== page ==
WEF: Job creation, reforms big challenges for world leaders
Pushing reformist measures to bolster investments and generating more job opportunities have emerged as the top challenges for global leaders gathered at the World Economic Forum as they deliberated on ways to boost sagging economic growth.
Davos: Pushing reformist measures to bolster investments and generating more job opportunities have emerged as the top challenges for global leaders gathered at the World Economic Forum as they deliberated on ways to boost sagging economic growth.
Indian leaders, including Anand Sharma and Kamal Nath, emphasised the need for more investments while presenting the India growth story to global investors including retailers. They also underlined the significance of inclusive economic growth.
Even as global economic uncertainties persist and austerity drives reforms in Europe, leaders gathered at this snowy resort town were optimistic with IMF Chief Christine Lagarde saying world economy needs to keep up the momentum.
Commerce and Industry Minister Anand Sharma, who held discussions with various multinational firms including Wal-Mart, Tesco and Novartis, said there is need for reforms but "right to education and creation of jobs are a must too".
"... The major challenge in 21st century will be how to create jobs," the Minister said.
India, which has taken various reform measures to boost economic growth, assured global retail giant Wal-Mart that it will hand hold their entry into the country's multi-brand retailing sector.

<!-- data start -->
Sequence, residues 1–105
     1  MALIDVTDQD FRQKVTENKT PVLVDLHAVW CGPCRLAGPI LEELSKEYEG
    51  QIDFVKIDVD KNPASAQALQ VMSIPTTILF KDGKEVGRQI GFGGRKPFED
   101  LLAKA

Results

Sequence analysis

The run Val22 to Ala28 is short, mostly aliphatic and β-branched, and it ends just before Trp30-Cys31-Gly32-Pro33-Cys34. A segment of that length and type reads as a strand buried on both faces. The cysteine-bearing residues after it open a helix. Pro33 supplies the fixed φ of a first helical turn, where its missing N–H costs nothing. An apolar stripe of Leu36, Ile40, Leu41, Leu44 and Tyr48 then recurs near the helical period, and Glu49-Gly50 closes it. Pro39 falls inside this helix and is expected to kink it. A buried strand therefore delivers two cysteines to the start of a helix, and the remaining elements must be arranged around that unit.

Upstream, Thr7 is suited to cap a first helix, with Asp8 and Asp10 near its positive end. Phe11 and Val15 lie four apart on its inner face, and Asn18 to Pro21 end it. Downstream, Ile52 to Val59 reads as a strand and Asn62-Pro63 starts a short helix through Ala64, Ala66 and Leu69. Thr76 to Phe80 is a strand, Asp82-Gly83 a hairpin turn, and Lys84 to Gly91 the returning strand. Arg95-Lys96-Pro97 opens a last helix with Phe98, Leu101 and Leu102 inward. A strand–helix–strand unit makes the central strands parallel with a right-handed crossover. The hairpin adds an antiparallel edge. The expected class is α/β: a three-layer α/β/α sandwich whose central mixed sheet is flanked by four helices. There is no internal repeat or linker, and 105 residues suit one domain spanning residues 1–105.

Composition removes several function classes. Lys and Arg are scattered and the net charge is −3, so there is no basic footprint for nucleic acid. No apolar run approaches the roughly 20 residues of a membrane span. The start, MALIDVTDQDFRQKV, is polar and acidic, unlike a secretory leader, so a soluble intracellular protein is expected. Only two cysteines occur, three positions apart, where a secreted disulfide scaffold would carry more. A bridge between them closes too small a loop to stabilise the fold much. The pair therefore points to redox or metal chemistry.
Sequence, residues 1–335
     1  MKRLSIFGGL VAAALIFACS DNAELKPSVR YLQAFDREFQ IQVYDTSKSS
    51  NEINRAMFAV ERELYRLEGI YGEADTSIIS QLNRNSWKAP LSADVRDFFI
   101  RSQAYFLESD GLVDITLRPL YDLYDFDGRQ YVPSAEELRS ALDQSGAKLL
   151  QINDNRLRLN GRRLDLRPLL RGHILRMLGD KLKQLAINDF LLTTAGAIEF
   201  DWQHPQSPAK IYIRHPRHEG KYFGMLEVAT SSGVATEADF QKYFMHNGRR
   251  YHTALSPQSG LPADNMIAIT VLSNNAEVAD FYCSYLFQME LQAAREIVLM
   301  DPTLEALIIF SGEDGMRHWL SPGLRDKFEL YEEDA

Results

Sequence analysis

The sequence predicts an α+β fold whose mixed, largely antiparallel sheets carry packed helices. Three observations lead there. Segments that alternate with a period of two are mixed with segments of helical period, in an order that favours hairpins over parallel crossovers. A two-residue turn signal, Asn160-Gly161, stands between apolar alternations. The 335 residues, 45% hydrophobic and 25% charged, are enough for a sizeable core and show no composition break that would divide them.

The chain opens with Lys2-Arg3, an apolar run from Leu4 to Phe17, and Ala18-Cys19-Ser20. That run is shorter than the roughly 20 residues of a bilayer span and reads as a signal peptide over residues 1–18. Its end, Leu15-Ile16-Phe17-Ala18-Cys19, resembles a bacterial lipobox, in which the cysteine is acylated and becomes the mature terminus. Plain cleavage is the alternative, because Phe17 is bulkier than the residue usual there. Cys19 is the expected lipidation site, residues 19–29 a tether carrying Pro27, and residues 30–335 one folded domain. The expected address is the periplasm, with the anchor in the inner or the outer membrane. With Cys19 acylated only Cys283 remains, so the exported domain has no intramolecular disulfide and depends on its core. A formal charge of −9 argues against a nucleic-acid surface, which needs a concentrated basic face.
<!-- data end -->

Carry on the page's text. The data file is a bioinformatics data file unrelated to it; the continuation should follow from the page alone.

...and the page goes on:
Urban Development Minister Kamal Nath stressed the importance of inclusive growth and said, "the difference between urban and rural youth has gone and India today represents an aspirational class of society".
In the global context, the need for reforms in Europe, where many nations are in a debt trap, hogged the limelight.
Setting the reformist tone, British Prime Minister David Cameron said it is "about how we make the case for a more competitive, flexible and open Europe not just for Britain's sake, but for everyone's sake".
Coming back to India, Sharma underlined the country would have millions of youth joining the workforce in coming years and urged industrialists to create more job opportunities.
India's national manufacturing policy envisages creation of 100 million jobs in the next decade.
With sliding growth in most of the developed nations, employment opportunities are difficult to come by. Going by the International Labour Organisation (ILO), more than 75 million youth worldwide are looking for work.
Striking an optimistic note, Kamal Nath said a lot should happen in the next decade and the best time for Asia and India might be there soon.
According to him, investors expect "too much from India" and a even a small dip in growth rate in profits is perceived to be very bad as there has been very high growth in the past.
"... The recent policy actions by the government, such as the steps with respect to fiscal consolidation and passage of key legislations, have demonstrated its commitment to creating an enabling environment for growth, and gone a long way in dispelling the fear of policy paralysis," ICICI Bank chief Chanda Kochhar said.
India, which has initiated a slew of reforms in recent times, anticipates about USD 1 trillion investments in infrastructure in the next five years.
Meanwhile, a WEF report said lack of competitiveness in Europe is the root cause of financial instability and rising unemployment in the region. It also called for speeding the current pace of reforms.